Waatea News Update

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Location: Auckland, New Zealand

Monday, March 17, 2008

Maori Party ballots burned

An attempt to challenge the selection of Derek Fox as the Maori Party's Ikaroa Rawhiti candidate seems to have foundered for lack of paper.

Atareta Poananga, who is mounting the challenge, says each of the five candidates appointed scrutineers to act on their behalf.

But she says the scrutineers weren't allowed to observe the counting at each of the 14 selection hui - and now the ballot papers have been destroyed, so there can be no recount.

“The scrutineering role to me was the number one issue and so I’d like some confidence that everything went well but when you don’t have the ballot papers any more there is little you can do about it. It‘s like a foregone conclusion, in the sense that there’s nothing you can do about it,” Ms Poananga says.

She's putting her faith in party president Whatarangi Winiata to the process is improved for future selections.


Tainui's chairperson says the hard work is just beginning on cleaning up the Waikato River.

Representatives from Tainui and other river iwi have joined the region's mayors and crown members on a committee to establish the guardianship structure that is part of the Waikato-Tainui river settlement.

Tukoroirangi Morgan, who co-convenes the committee alongside Treaty Negotiations Michael Cullen, says it's the first time the iwi have been able to sit beside the Crown as an equal partner.

He says both sides are fully committed to the process.

“We have to do a substantial amount of work around the vision and strategy,. We have to look at innovative ways of how to achieve the over-arching purpose of Waikato-Tainui’s claim which is to restore and protect the health and wellbeing of the river,” Mr Morgan says.

Public consultation on the plan starts in May.


A book about one of the country's youngest professional skateboarders has given a Gisborne family a lasting tribute to their koro.

Learn to Skateboard with Luka was written by nine-year-old Luke Peta and his parents Lee and Errol.

Luke's grandfather, Tokikapu Peta, translated the book for its bilingual edition shortly before he died last year.

Lee Peta says it was a huge contribution.

“I asked him if he would translate this book for Luka about two years ago and he moaned and groaned and didn’t want to have anything to do with it because as a child he was never really allowed to speak his language. One day he came over and said because it was for his moko, he actually changed his mind,” Mrs Peta says.

Luke has won Gisborne's under 12 regional competition four years in a row, and came second at the Under 12 nationals when he was five.


Maori seats could be back in the Auckland region.

Peter Salmon QC, the chair of the Royal Commission on Auckland Governance, says that's one of the options which could be looked at when the commission looks at issues of Maori representation.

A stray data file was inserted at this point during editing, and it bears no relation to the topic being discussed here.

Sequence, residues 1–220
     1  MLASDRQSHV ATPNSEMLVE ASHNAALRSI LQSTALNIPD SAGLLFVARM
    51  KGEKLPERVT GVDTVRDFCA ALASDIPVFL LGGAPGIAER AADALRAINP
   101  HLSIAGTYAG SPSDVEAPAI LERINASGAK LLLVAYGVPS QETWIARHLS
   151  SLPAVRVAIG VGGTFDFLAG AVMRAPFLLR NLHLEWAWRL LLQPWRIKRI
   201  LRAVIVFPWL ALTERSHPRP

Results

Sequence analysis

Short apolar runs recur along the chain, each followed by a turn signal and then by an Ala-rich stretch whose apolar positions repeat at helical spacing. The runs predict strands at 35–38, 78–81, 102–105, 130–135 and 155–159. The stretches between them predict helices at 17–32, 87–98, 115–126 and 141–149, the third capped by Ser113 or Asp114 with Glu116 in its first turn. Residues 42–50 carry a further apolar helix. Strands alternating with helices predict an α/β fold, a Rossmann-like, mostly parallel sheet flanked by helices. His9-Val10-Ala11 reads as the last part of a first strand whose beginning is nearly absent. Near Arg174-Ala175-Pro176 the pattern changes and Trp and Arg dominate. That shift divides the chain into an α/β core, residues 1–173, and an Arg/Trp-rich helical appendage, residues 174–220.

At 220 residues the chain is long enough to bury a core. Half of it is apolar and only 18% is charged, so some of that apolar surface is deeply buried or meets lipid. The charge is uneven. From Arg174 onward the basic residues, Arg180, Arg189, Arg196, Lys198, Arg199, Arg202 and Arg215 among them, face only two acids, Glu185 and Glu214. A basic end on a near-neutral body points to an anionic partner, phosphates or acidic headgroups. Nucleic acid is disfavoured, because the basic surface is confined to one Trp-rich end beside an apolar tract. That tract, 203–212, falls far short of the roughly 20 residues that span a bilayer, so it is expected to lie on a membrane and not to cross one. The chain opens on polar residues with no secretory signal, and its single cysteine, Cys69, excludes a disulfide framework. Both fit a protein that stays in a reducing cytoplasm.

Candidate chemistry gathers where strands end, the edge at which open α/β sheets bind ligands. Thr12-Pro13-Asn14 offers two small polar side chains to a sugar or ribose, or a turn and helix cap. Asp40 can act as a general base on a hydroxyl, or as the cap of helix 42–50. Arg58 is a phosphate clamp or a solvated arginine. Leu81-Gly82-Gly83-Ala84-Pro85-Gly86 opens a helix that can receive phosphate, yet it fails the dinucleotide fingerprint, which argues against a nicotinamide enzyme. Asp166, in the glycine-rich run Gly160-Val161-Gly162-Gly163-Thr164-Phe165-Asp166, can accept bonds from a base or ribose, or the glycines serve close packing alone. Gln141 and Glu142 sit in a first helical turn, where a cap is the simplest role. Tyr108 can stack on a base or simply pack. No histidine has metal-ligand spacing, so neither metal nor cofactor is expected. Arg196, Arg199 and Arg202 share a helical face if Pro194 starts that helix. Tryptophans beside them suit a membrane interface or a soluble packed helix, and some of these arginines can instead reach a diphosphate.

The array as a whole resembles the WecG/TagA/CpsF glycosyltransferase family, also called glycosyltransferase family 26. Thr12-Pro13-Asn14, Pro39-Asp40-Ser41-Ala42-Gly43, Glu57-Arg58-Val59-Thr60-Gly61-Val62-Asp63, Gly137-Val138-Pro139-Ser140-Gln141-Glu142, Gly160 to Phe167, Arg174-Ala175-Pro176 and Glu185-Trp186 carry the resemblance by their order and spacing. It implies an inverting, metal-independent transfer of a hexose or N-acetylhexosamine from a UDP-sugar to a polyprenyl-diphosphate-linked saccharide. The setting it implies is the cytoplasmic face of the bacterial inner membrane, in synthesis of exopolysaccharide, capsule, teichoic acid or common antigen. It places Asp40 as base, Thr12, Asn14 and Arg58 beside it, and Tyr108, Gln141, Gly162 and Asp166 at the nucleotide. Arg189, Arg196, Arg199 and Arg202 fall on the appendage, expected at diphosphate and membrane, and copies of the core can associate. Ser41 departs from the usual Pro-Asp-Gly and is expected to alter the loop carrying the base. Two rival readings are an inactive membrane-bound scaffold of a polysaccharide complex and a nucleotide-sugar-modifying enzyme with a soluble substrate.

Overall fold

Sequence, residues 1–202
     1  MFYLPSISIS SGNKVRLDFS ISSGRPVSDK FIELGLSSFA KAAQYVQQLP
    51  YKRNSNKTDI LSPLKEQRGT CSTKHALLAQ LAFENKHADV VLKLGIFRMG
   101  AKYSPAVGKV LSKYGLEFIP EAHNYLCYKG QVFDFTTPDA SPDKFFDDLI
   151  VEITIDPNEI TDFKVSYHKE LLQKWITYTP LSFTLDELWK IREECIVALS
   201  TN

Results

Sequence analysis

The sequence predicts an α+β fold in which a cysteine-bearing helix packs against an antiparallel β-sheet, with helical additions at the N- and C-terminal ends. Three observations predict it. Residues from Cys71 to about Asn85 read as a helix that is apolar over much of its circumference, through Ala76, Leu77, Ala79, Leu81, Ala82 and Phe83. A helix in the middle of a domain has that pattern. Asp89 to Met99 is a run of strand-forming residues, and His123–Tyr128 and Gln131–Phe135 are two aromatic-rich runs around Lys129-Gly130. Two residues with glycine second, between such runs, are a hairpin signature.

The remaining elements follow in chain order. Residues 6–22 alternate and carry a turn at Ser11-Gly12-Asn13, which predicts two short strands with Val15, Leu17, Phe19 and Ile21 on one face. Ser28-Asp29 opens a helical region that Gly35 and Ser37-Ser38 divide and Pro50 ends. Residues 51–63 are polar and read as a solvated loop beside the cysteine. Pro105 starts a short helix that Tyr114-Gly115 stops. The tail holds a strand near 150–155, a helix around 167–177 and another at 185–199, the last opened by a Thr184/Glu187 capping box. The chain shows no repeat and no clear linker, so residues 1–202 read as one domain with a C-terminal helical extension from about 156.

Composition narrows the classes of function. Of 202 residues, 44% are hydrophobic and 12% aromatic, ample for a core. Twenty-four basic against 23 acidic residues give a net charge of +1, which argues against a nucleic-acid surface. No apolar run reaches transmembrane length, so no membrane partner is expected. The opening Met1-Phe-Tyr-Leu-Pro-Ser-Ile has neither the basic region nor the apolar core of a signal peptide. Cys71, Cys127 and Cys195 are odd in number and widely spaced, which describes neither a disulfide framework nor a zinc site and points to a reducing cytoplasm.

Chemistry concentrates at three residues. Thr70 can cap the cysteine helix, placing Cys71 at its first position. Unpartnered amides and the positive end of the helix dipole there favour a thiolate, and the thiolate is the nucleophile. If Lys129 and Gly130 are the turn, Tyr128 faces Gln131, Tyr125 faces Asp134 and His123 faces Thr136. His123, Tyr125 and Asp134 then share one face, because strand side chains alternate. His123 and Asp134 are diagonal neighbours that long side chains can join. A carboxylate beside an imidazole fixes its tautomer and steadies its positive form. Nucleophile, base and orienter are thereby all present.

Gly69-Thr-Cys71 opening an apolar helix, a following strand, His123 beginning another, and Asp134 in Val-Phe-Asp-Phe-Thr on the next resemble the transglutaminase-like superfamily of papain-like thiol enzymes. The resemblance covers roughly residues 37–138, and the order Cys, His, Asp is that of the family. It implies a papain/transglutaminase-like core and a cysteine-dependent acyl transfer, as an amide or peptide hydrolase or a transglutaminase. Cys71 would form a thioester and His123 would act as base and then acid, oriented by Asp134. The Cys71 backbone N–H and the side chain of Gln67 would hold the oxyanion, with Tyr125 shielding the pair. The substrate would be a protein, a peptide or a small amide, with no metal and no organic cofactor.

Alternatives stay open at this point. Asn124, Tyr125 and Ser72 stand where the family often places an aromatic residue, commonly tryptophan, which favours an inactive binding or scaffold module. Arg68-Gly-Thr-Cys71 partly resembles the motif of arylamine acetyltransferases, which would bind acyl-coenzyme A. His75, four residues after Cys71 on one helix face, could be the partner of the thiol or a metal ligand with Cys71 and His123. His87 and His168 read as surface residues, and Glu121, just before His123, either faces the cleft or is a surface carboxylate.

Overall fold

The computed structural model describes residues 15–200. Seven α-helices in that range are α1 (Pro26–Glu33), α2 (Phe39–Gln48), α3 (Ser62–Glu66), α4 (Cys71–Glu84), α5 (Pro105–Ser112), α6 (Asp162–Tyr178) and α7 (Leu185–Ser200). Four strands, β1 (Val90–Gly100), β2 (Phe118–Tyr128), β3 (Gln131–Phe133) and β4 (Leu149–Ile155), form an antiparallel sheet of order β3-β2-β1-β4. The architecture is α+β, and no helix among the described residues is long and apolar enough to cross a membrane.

The local government reforms of the 1980s got rid of the two electorate-based Maori seats on what was then the Auckland Regional Authority, but he says the idea could be looked at again.

“One idea that’s been suggested to us is that the regional government, and of course Auckland has to have a regional government, whatever form it takes, could be Elected on the basis of the national electorates which would include the three Maori electorates in the Auckland region,” Mr Salmon says.

The public can make submissions until April 22, with hearings scheduled in May and June and the commission's report to the Governor-General due by the end of the year.


The retirement commissioner wants to see iwi helping their people to get the savings habit.

Ngai Tahu's Whai Rawa scheme, which subsidises saving for home ownership and management, already has 13,500 members.

Tainui is looking at a similar scheme.

Diana Crossan says it's a sound policy, as Maori are earning more and living longer, so they can think about retirement.

“Ngai Tahu as an organisation or as an iwi has managed its money well, and what we want to do is help individuals and their families manage their money well and some of the things about Kiwisaver leads people to getting better financial education so it might be that in the first instance you don’t join Kiwisaver but you manager your debt and your mortgage better so you are better off in the long term,” Ms Crossan says.

The retirement commissioner chairs Ngai Tahu's Whai Rawa savings scheme.


One of the last of the 1939ers was late to rest today.

Hundreds of people passed through Otiria Marae near Moerewa over the weekend to honour Tamati Paraone, who died last week at the age of 92.

The Ngati Hine kaumatua joined the 28 Maori Battalion in 1939, and was always a great supporter of the battalion's association, serving for several years as its president.

Hemaana Waaka, the director of a Waka Huia documentary on Mr Paraone, says even before going off to war he was known for his speed and athleticism.

This led to him being given a special position in the wero, and he was one of the last to be trained in the traditional manner.

“In the early days when the challengers went out there was no taiahas. You just went out there and greeted the visitors and laid your stick and intimidated your visitors to the extent they would want to chase him and beat him up. So the host made sure to send a man there that had the speed to run because, because the visitors had their runners too, and so it was a bit of a disgrace if they caught your runner, and Tamati never ever got caught,” Mr Waaka says.


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